Posts Tagged ‘Graduate Training’

English for Academic Purposes

As part of the Graduate Training Elements courses I am following at my University is a course called ‘English for Academic Purposes’. I have followed another course previously about ‘Advanced Analytical Techniques‘ about which I have blogged previously. The English course is mainly aimed at non-native speakers of English, although some Irish students are also joining in. Lectures started a number of weeks ago, and I have been finding them really informative (albeit a bit slow-paced some times). I really appreciate the lecturer’s flexibility in setting out the course, whereby she addresses the issues we are dealing with rather than following a set syllabus. The fact that there is no mark associated to the course, is likely a big contributing factor.

As part of the course, some of the students are presenting their work to the other members of the class. The main idea is to get more experience presenting. After the presentation, we ask questions about the project followed by comments about how the presentation went, and how to improve our presentation skills.

Today it was my turn to present. I was a bit worried about making my presentation accessible to everyone present. Although most of the students are in science/engineering/IT, there are a few from the arts and humanities (including the lecturer). As a basis for my presentation I used many slides from my meeting earlier on in the month. However I tried to adapt them to a less technical audience.

Overall, the feedback was quite constructive, as it usually is. I am glad to say that the consensus was that they could understand my project, even the people from other fields. Some of the things I need to improve are related to eye contact. I was told that although I make eye contact, I tend to keep making eye contact with only a few people over and over again, rather than to all the group. I guess that is true, since I tend to make eye contact with either people I know are most critical (generally at the beginning of my presentation) so that I know from their body language what they are thinking, and then if I feel as if they are not showing an interest and I start getting stressed I look for friendly people in the audience. It was also said that I should improve the quality of the equation I inputted (it is an image, so resolution is not that great) and to use the Equation Editor.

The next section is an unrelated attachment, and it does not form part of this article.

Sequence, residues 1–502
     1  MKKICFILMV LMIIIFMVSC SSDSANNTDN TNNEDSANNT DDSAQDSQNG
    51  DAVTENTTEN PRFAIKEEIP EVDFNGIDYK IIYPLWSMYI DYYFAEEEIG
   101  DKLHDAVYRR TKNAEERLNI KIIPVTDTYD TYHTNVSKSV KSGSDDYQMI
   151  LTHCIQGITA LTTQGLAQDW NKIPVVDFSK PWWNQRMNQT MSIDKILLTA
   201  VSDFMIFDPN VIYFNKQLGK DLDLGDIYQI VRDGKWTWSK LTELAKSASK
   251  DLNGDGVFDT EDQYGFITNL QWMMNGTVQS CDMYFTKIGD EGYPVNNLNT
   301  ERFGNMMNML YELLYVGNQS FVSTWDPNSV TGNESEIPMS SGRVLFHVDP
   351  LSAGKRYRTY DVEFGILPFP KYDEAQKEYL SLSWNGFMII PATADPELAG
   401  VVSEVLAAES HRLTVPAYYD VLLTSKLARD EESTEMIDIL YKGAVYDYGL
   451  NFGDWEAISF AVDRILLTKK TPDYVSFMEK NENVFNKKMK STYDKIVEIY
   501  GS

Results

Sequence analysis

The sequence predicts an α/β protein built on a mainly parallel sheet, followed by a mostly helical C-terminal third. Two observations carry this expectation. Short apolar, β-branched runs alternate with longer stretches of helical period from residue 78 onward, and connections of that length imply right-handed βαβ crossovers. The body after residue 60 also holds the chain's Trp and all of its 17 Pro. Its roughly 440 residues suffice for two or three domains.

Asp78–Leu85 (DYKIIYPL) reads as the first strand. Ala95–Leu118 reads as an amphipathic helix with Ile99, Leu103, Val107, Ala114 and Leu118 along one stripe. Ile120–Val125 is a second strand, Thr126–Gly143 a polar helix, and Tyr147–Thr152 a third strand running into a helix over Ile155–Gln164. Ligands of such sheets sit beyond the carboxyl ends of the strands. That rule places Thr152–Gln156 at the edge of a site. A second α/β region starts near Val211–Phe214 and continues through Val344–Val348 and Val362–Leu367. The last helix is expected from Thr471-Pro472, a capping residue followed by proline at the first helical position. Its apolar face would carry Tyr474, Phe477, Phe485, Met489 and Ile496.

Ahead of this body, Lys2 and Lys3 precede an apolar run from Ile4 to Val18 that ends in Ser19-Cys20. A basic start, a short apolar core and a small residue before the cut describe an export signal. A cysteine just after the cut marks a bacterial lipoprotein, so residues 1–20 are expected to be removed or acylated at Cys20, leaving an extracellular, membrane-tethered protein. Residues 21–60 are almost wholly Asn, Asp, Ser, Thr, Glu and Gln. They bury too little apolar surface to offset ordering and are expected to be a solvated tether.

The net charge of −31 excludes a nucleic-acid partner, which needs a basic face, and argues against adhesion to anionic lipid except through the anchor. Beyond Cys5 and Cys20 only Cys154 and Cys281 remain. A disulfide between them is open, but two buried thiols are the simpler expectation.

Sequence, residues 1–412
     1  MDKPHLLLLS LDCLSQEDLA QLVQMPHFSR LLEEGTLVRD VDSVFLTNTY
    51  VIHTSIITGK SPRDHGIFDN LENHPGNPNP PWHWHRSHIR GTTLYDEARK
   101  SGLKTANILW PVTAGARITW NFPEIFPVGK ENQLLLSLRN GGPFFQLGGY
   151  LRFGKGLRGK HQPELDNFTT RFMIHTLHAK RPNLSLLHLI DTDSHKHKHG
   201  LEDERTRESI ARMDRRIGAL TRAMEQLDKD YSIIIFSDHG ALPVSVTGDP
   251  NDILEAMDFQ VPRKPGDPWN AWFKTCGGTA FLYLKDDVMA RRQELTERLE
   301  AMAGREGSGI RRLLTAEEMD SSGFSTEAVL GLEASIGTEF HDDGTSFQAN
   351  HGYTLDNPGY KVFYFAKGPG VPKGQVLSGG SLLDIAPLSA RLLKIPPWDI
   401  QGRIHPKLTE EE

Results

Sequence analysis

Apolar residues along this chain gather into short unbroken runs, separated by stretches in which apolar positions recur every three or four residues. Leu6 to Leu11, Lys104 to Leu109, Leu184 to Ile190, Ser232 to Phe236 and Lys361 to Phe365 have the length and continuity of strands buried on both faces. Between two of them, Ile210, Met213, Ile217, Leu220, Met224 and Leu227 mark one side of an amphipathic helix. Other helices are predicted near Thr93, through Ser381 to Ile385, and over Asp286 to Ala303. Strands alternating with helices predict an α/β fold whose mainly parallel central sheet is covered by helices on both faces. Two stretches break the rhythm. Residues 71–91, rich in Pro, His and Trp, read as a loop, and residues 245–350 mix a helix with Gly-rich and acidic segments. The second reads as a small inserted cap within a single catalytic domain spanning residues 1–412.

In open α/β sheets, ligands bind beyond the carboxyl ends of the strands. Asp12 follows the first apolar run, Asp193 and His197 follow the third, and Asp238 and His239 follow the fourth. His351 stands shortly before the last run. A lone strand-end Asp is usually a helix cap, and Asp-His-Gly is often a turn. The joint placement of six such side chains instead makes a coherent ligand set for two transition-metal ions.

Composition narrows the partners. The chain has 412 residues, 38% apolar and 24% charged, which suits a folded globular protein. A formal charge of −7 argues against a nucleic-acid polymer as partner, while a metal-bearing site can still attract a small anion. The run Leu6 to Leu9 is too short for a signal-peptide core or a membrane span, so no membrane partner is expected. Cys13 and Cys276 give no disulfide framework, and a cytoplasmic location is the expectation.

Another comment I do not know whether to take as positive or negative. One of the guys commented that I was animated during the presentation. I know I tend to move around and move my hands quite a lot (or alternatively play with my scarf) when presenting, and also tend to go to the screen and point towards things on the screen sometimes. So perhaps I do need to tone down on that. Though other people in the group said that that kept them interested.

Overall, there is room for improvement, but I am happy about the comments I got. I should be giving a similar version of the presentation in the coming months to students from my school as part of the postgraduate presentations that the Biological Research Society are organising. So hopefully it will be an improvement on my presentation today.


Graduate Training

January 23, 2011 1 comment

Last week saw me attending my first module from the Graduate Training programme at DCU: Advance Analytical Techniques. The course consisted of a number of lab sessions where all students get to perform 4 experiments of their choice. Students (mainly in chemistry) from all the Dublin Universities (DCU, UCD, Trinity, NUIM) were participating as part of the Dublin Region Higher Education Alliance. The week was quite hectic, having to perform an 6 hour experiment each day, followed by a lab report to be written.

Overall, I must say the week was quite fruitful. I got back into the lab routine, such that you remember (or are reminded of) all the small nitty gritty things you have forgotten and all the other things you have never heard about. It was also good to meet up with all the people from the various Universities, and find out a bit about what they are doing, and also discuss some differences between the research environment at different locations. In addition, our demonstrator in charge (Dr Blanaid White) was really knowledgeable in all the experiments, and we also got the expertise of other individuals from the School of Chemistry, to give us further information about a number of experiments about which they have lots of experience.

The experiments I performed were about GC-MS, HPLC, Cyclic Voltammetry and Ion Chromatography. From each experiment I learnt a lot, but I was most excited about the HPLC experiment, since I will be working a lot with HPLC during my PhD, and this session helped me understand more about how the different parameters function and the basics about how to develop a method.

The lab reports are now written and I will be submitting everything on Monday. Let us hope I did well, as it would mean that the past week has indeed been fruitful. I wish that DCU has even more graduate training elements from which to choose from, as this has certainly been useful. I will be doing some more in the coming months, and I also hope they will be as fruitful as this.